Maya Magic

Why a short flight to Cancun will captivate you.



Courtesy Tourism Cancun

On the surface, Cancun may seem like a Vegas strip of beachfront mega hotels on the tip of Mexico’s Yucatan Peninsula. Dig a little deeper, and you’ll find there’s more to it than mariachis and margaritas. The magic of the Mayas is all around, from the San Miguelito settlement abandoned some 800 years ago and preserved right in Cancun’s Hotel Zone, to the crown jewel of the entire Maya civilization—the city/state of Chichen Itza, roughly translated as the “city of the water sorcerers.” You wouldn’t be the first to wonder if the ancients themselves don’t have something to do with the impossible shades of turquoise and emerald that make the beaches among the most beautiful in the Caribbean. 

Getting there is easy: JetBlue offers a two-hour direct flight from Orlando to Cancun, and with the one-hour time change, you can arrive in time for breakfast.

First, indulge in some of the area’s modern pleasures. The JW Marriott Cancun Resort & Spa, about a 25-minute taxi ride from the airport, is a good place to start. At the swim-up bar, order a chelada, common in this part of Mexico and composed of your favorite Mexican lager poured over fresh lime juice, ice and served with a salted rim. Or stake out a lounge chair on the beach, shaded by a thatched palapa, and enjoy (or ignore) the local hawkers who pass by offering for sale everything from sunhats to cigars. At some point you’ll want to check in with the concierge (if you haven’t already made arrangements) to plan a day trip to the ruins at Chichen Itza, because to understand the region’s magic, you must begin at the source.

A two-hour drive inland takes you to one of the largest and most studied Maya cities in the region. If you’ve visited other Maya sites and think you’ve got it covered, you would be mistaken. Hire an official guide at the entrance (a worthwhile expense) for a two-hour tour of the most important structures in the ceremonial plaza.

Most guides are descended from the folks whose rituals and customs you will imagine being played out as you spend time on this sacred ground.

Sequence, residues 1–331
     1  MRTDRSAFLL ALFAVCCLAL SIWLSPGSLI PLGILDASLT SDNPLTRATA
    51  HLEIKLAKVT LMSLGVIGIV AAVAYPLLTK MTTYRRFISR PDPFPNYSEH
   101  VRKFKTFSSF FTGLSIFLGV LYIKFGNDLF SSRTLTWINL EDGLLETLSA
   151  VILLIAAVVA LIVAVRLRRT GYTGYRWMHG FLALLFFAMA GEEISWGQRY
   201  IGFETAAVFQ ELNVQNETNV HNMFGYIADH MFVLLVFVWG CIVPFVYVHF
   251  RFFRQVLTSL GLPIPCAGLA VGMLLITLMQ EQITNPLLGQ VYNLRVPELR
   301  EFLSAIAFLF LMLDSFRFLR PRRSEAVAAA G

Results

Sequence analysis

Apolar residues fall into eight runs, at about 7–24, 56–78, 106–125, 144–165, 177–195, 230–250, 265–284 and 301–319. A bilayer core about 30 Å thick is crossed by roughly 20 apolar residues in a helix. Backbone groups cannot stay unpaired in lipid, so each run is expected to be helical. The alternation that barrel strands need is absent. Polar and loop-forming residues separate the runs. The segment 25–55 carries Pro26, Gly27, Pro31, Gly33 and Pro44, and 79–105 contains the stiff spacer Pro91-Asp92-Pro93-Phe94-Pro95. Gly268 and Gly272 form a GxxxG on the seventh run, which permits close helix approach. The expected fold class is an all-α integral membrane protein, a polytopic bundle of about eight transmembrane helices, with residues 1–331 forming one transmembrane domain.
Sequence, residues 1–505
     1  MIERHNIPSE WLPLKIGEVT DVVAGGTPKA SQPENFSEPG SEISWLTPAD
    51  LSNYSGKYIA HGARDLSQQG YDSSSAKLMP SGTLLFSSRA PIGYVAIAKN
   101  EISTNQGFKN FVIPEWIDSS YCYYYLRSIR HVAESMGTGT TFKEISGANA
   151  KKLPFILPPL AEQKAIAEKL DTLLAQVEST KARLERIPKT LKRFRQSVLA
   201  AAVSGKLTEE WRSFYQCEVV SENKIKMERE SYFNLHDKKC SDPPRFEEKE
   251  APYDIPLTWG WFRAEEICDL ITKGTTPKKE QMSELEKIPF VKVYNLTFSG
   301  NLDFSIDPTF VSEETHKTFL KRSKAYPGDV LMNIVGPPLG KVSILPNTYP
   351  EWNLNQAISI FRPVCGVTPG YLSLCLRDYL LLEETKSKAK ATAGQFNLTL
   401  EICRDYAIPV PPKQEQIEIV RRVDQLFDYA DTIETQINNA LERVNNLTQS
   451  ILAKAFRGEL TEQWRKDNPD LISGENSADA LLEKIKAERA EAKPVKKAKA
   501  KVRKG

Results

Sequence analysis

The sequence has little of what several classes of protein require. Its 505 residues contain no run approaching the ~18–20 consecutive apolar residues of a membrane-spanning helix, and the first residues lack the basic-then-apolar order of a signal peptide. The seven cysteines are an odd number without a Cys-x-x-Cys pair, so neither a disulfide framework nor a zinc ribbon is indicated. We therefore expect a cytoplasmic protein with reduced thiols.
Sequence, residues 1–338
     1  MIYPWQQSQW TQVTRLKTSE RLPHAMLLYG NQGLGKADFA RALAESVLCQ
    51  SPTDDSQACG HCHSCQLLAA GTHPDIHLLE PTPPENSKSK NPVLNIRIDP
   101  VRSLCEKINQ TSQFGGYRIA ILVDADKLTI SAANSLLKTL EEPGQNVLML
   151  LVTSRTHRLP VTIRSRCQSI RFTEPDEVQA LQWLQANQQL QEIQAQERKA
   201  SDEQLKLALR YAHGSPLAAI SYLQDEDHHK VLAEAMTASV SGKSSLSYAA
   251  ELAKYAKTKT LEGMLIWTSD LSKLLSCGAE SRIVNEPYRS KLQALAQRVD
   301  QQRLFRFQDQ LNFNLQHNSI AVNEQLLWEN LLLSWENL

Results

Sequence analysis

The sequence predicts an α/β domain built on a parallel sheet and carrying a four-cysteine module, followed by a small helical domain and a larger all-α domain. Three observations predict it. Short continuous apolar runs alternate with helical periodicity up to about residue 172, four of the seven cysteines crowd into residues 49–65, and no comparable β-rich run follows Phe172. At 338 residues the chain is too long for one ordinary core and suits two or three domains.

A thousand years ago, Chichen Itza was a seat of power, made so by the arrival of the Itzaes, who traveled by sea and were both warriors and merchants; the city’s high priests influenced hearts and minds throughout the region. So spiritual was Chichen Itza that pilgrims continued to worship at the Sacred Cenote, believed to have been a portal to the underworld, for centuries after the city was abandoned (by 1250 A.D.). Even today, there is an undeniable magic to this place.

Visit during the equinox on March 20 or September 23 of this year when, for a precise moment, the sun and shadow casts a serpent’s shape down the grand pyramid called El Castillo, the precise embodiment of the Mayas’ solar calendar. Try this: stand dead center at the base of the north staircase between the two stone serpents and clap your hands. An almost electronic-sounding “ping” echoes through the enormous ceremonial plaza. This is no accident; it was the mathematical and structural plan of the Mayas to be able to mimic the sound of the sacred Quetzal bird. These were people who held mathematicians and astronomers in nearly the same esteem as royalty.

Before parting ways with your guide, extract some chilling descriptions of human sacrifice (you’ll feel especially sorry for the females who had no say in being offered by their family). Then follow the same path the Mayas trod to reach El Cenote Sagrado. The sacred cenote is an enormous fresh-water sinkhole in the jungle floor where the Mayas are believed to have worshipped Chac, the god of rain, and most certainly offered human sacrifices. Without water to grow crops, people would starve; and without sacrifices to beg the favor of the gods, water—and life itself—could be withheld.